As everyone reading this assuredly knows, Colin Kaepernick renewed public discussions about the role of politics, protest, and activism in sport. This debate has surely picked up steam in the past couple of weeks with involvement from the Executive Branch. Casually browsing social media, I regularly encounter opinions on the matter that are quite frankly ridiculous. These commentators typically ascribe to the “stick to sports” idea that nobody connected to sport – players, coaches, journalists, or even fans – is allowed to do anything other than play, manage, describe, or cheer the athletic competition at hand.
As any historian knows, politics and sport are thoroughly entwined. Some of America’s most obvious sporting heroes like Jackie Robinson and Muhammad Ali were deeply political individuals who connected their athletic career to their political activism. As the right demonizes NFL players for their anthem protests against police violence and for racial justice, plenty of commentators pointed out the legitimacy, the necessity, and the bravery of player protests as complex expressions of American freedom and patriotism. Others pointed out the hypocrisy coming from those on the right who were in effect demanding their own “safe space” at football games and that the NFL had already been politicized by collaborations with the Department of Defense.
One of those aforementioned social media acquaintances shared a talking point I had not yet heard. He argued, wrongly I might add, that sporting protests are exclusively a post-WWII liberal phenomenon stemming from the Civil Rights Movement. The argument quickly fell apart, but its simple presence indicates that some people believe it and disseminate it widely. Stemming from a mythologized American sporting past, this argument would have us believe that sports prior to 1941 were an oasis where competition was divorced from conflict. Many others presenting this argument point to pre-WWII baseball, conveniently ignoring the fact of segregation, as an example of when sport was apolitical.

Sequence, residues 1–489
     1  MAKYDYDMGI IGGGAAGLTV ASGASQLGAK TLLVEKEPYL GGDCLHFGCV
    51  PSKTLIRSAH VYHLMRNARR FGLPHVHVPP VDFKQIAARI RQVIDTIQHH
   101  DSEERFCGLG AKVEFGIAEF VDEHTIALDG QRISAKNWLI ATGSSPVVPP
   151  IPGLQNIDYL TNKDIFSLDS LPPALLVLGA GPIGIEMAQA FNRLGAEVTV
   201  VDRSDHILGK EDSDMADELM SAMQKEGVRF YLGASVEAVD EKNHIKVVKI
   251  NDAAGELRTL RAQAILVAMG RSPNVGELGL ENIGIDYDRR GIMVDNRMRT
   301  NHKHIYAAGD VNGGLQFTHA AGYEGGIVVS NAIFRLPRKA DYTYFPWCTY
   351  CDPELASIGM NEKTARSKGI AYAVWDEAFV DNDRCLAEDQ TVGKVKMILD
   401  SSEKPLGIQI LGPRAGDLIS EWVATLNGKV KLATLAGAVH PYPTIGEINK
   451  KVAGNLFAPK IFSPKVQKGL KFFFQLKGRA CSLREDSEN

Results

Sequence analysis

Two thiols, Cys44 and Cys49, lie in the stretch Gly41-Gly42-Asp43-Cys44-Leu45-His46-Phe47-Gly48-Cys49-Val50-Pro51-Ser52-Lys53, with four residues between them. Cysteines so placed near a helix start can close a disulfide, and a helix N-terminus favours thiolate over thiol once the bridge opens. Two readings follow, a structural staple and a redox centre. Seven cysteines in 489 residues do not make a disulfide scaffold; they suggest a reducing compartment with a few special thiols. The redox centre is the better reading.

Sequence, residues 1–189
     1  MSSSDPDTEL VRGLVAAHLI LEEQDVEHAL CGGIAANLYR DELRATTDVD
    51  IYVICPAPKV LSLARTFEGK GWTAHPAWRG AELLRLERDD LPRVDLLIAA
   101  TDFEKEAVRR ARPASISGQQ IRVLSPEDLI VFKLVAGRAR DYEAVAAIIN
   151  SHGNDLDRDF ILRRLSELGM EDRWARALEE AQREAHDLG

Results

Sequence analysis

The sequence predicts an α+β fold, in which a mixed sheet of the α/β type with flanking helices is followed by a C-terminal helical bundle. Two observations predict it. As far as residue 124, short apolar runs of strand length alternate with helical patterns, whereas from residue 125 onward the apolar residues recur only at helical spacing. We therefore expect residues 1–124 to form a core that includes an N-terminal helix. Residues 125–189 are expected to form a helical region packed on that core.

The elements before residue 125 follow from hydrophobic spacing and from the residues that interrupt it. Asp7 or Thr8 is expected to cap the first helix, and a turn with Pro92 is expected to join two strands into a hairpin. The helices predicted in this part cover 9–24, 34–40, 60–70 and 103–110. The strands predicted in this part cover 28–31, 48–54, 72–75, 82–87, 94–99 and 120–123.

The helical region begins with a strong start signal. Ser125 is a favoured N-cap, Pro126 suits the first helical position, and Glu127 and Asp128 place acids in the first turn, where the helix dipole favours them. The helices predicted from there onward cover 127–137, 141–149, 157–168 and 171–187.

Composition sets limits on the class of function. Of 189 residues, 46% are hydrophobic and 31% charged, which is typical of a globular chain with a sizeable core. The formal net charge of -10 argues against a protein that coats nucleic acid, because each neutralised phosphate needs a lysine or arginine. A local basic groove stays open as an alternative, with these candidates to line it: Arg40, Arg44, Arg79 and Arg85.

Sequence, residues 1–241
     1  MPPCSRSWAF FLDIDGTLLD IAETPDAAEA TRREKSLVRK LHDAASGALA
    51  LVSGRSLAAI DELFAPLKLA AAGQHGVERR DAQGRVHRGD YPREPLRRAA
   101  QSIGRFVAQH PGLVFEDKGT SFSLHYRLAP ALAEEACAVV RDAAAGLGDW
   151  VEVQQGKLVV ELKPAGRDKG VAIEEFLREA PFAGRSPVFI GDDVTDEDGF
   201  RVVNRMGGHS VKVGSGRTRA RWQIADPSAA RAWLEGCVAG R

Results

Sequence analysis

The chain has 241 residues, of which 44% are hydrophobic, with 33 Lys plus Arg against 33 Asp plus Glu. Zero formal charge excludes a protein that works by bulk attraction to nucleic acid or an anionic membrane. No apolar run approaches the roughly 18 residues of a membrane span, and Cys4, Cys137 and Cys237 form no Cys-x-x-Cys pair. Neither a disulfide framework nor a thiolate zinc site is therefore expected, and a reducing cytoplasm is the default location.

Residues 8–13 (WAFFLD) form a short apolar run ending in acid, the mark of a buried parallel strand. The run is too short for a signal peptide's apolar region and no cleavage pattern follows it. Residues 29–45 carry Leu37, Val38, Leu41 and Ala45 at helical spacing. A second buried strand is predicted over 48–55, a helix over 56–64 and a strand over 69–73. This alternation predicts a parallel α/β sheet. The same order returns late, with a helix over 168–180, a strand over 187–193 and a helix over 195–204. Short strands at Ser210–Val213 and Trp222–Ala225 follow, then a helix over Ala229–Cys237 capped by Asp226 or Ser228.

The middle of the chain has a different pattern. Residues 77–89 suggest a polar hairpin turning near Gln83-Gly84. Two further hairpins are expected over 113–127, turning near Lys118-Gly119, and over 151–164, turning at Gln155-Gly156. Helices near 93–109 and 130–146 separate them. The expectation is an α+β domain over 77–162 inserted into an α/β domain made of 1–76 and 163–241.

Sport historians know this is a ridiculous point – segregation itself was an expression of politicized sport – but even these lily-white baseball clubs of the nineteenth and early-twentieth century expressed their own version of (usually conservative) politics. Just to give a few examples, let’s look at amateur baseball clubs throughout Virginia and West Virginia from 1865 through the 1930s. In short, every documented baseball club during this time and place with which I am familiar was in itself a political expression both on and off the diamond.